Then Kenny Anderson dominated in 1990, not only capturing the ACC, but National “Freshman of the Year” honors as well. He set a standard that may never be broken by winning the ACC “Rookie of the Week” award 10 times. On Tech’s Final Four team, Anderson averaged 20.6 points, 8.1 assists and 5.5 rebounds as he became just the second freshman in league history to make the all-ACC first-team.
Swingman Martice Moore added his name to the list with solid campaign in 1993 that helped Tech win an ACC title. Moore, who edged Maryland’s Johnny Rhodes and Exree Hipp, averaged 10.5 points and 4.6 rebounds.
As Anderson had six years earlier, Stephon Marbury arrived at Tech as a highly-publicized and immensely talented point guard from New York City. And like Anderson, Marbury garnered first-team all-ACC honors along with the Rookie of the Year award, for which he outdistanced another freshman all-conference selection, UNC’s Antawn Jamison. Marbury averaged 18.7 points a game and helped Tech capture its first outright ACC regular season title.
Dennis Scott • 1988
“First of all, he’s not aware he’s a freshman. Second of all, he’s not aware of where the three-point line is. He plays so cool. Beyond the fact that he can shoot from the planet Pluto and not blink an eye, he seems to have great court awareness and he doesn’t appear to be selfish.” — Dale Brown, LSU head coach
Kenny Anderson • 1990
“He was the player for this tournament, and this March, and five years from now, when he is as big as any star in the NBA, it will be important that the country first took a good look at him when he was a freshman. When he was 18. There has not been anyone like him in college basketball since Magic and Bird. He is better than Isiah Thomas. Michael Jordan, miracle that he has become, was just not this kind of presence. Not this young.” — Mike Lupica, The National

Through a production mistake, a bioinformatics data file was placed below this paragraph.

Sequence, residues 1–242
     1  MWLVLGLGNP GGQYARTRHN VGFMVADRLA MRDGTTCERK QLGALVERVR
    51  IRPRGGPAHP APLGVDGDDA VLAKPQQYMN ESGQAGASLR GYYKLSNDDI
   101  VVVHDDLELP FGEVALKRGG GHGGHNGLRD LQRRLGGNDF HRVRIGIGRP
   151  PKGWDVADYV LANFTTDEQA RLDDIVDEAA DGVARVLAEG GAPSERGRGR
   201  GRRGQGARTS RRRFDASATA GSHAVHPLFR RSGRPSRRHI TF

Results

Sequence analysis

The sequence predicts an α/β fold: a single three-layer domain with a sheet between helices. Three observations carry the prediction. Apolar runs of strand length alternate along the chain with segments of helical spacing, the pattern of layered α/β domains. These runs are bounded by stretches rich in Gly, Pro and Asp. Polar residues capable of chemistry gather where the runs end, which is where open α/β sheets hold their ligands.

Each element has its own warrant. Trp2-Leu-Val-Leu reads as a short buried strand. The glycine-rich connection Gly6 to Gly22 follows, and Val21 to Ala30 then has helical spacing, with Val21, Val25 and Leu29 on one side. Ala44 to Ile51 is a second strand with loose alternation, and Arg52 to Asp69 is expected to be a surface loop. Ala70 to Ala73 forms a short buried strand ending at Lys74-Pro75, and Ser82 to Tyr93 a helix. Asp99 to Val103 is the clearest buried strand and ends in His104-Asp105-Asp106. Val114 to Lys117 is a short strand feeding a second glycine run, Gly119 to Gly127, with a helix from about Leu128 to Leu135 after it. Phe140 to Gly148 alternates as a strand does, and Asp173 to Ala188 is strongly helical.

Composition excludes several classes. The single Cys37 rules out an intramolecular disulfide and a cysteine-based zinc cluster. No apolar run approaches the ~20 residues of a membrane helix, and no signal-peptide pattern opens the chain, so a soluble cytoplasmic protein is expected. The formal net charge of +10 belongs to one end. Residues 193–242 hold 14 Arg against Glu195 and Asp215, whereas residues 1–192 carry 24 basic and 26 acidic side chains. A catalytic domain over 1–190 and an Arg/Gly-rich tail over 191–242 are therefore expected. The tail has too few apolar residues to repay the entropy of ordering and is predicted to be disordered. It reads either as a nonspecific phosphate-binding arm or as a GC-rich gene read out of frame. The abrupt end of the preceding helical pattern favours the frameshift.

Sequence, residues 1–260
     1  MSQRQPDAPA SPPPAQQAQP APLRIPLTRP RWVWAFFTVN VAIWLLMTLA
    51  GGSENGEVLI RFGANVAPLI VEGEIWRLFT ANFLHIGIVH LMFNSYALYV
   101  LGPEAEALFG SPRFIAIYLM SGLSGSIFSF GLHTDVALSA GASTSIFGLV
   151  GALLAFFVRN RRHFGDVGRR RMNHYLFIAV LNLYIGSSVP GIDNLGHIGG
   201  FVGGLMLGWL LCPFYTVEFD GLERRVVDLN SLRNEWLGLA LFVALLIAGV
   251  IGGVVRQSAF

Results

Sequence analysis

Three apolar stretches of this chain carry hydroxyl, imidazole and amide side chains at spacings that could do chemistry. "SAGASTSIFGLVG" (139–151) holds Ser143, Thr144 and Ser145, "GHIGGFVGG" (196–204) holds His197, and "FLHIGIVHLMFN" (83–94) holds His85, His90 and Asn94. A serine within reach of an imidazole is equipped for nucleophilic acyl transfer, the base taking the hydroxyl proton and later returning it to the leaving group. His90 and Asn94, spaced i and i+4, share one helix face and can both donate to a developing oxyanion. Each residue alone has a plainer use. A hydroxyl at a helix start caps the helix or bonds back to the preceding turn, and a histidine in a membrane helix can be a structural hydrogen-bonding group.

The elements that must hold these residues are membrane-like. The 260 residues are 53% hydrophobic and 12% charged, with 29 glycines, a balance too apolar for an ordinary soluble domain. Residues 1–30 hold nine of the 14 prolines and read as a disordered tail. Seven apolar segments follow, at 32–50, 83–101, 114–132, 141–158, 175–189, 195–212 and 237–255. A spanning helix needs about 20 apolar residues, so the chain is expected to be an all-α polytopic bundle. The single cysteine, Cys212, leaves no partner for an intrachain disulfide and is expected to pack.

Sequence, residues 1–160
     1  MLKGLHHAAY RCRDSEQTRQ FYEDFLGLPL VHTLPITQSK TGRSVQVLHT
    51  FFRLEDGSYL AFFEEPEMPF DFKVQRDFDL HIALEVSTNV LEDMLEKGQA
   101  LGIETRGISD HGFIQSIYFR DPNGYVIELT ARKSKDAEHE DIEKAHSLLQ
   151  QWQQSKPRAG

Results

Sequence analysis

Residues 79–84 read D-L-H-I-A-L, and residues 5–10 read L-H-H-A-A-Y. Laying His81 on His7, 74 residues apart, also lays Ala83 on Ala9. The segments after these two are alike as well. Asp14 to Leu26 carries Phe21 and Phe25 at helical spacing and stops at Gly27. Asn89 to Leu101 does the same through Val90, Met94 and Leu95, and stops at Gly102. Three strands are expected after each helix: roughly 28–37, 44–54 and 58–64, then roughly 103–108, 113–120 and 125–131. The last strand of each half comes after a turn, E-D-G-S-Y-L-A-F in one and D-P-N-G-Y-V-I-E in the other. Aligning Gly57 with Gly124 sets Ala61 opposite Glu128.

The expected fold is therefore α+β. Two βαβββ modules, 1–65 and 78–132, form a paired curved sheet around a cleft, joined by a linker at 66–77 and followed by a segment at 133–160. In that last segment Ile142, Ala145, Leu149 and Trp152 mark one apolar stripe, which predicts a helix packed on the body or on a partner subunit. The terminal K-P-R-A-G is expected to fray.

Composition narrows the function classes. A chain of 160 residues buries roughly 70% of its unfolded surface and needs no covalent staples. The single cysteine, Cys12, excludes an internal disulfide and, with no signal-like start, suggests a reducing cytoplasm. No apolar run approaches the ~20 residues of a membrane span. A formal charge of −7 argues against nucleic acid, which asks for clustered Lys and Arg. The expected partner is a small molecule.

Martice Moore • 1993
“Martice has helped us. He’s a good athlete. I know he’s been a little inconsistent at times, but he’s meant a lot to our team. I really felt he was one of the keys to our ACC championship.” — Bobby Cremins, Georgia Tech head coach
Stephon Marbury • 1996
“What makes him so special as a point guard is his unique scoring ability. He has a strong body and he works hard on the defensive end . . . He wants the ball late in games. He’s not afraid to take the tough shot.” — Dick Vitale, ESPN
Ed Nelson and Chris Bosh captured the honor in consecutive years in 2002 and 2003. Nelson, a 6-8 forward, won in a close competition, establishing post presence on a small Tech squad against taller opponents nearly all season long, ranking 10th in the ACC with 6.8 rebounds per game. Bosh dominated the league’s freshmen in 2003, leading the ACC overall in field goal percentage (56.0) and blocked shots (2.16) while ranking eighth in scoring (15.6) and second in rebounding (9.0).
The award returned to Tech’s campus in 2010 when Derrick Favors, rated the nation’s top high school player, fulfilled expectations by easily winning the honor, topping all the ACC freshmen in scoring, rebounding, field goal percentage and blocked shots.
Who will be the next?
Ed Nelson • 2002
“He’s gone from a guy who in high school could just get the ball and bully his way to the basket to understanding how important it is to screen and set his men up to get good post position.” — Paul Hewitt, Georgia Tech head coach
Chris Bosh • 2003
“We had to gang-guard him. I think the best way to defend him, and we don’t have this, is to have a veteran big guy who’s a physical player. We had to trap him and do some different things to keep him off-balance.” — Skip Prosser, Wake Forest head coach
Derrick Favors • 2010
“Derrick’s got all the physical tools that anybody could want, and he is a highly skilled player. I do think we faced him at the right time, as a young player.” — Brian Gregory, Dayton head coach